Turkey never used banned weapons in Syria during Operation Peace Spring - Defence Minister

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Read: 521     17:04     21 November 2019    

Turkey has never used banned weapons during Operation Peace Spring against Kurdish militia and the Daesh* terrorist group in northern Syria, Turkish Defence Minister Hulusi Akar said.


"Turkey didn't use and will not use any ammunition or chemical weapons prohibited by international law and agreements", Akar told the parliament, as quoted by Turkey's state-owned Anadolu news agency.

The statement comes after a representative of the Syrian Democratic Council, which is the political wing of the Kurdish-led Syrian Democratic Forces, in October said in an address to the US Congress that Turkey had used phosphorus during its offensive.

Ankara launched its offensive in northeastern Syria on 9 October to create a safe zone free of the Kurdish militants that it viewed as terrorists. In the first days, it took control of the border towns of Tal Abiad and Ras al-Ain.

Just over a week later, the United States and Turkey agreed to a 120-hour ceasefire in the area to allow the withdrawal of the Kurdish fighters.

As the ceasefire came to an end, Turkey and Russia signed a 22 October memorandum in Sochi stipulating that, within 150 hours, the Kurdish forces would be withdrawn to a distance of 30 kilometres from Syria’s border with Turkey to the west and east of the operation zone. On 20 November, Russian Foreign Minister Sergeyi Lavrov said that the Kurdish forces' withdrawal from Syria's north had been nearly completed, and only some minor presence was still possible. The minister also stressed that the resumption of Turkey's offensive against the Kurdish militants was out of the question.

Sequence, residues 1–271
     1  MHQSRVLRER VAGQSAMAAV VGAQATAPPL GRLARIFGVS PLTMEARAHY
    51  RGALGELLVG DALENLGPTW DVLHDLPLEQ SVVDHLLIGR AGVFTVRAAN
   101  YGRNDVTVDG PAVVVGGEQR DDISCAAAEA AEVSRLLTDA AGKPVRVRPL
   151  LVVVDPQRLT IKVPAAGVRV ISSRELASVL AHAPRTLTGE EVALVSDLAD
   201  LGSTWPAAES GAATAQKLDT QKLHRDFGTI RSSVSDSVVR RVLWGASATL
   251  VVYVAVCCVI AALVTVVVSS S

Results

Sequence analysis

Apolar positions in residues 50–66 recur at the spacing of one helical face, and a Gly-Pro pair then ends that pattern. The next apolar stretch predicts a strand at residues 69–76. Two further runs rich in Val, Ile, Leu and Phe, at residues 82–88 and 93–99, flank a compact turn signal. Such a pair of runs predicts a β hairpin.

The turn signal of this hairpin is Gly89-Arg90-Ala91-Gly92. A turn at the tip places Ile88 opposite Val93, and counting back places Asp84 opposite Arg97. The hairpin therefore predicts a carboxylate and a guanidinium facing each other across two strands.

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Turkey never used banned weapons in Syria during Operation Peace Spring - Defence Minister

2019/11/1574339496.jpg
Read: 522     17:04     21 November 2019    

Turkey has never used banned weapons during Operation Peace Spring against Kurdish militia and the Daesh* terrorist group in northern Syria, Turkish Defence Minister Hulusi Akar said.


"Turkey didn't use and will not use any ammunition or chemical weapons prohibited by international law and agreements", Akar told the parliament, as quoted by Turkey's state-owned Anadolu news agency.

The statement comes after a representative of the Syrian Democratic Council, which is the political wing of the Kurdish-led Syrian Democratic Forces, in October said in an address to the US Congress that Turkey had used phosphorus during its offensive.

Ankara launched its offensive in northeastern Syria on 9 October to create a safe zone free of the Kurdish militants that it viewed as terrorists. In the first days, it took control of the border towns of Tal Abiad and Ras al-Ain.

Just over a week later, the United States and Turkey agreed to a 120-hour ceasefire in the area to allow the withdrawal of the Kurdish fighters.

As the ceasefire came to an end, Turkey and Russia signed a 22 October memorandum in Sochi stipulating that, within 150 hours, the Kurdish forces would be withdrawn to a distance of 30 kilometres from Syria’s border with Turkey to the west and east of the operation zone. On 20 November, Russian Foreign Minister Sergeyi Lavrov said that the Kurdish forces' withdrawal from Syria's north had been nearly completed, and only some minor presence was still possible. The minister also stressed that the resumption of Turkey's offensive against the Kurdish militants was out of the question.



Tags: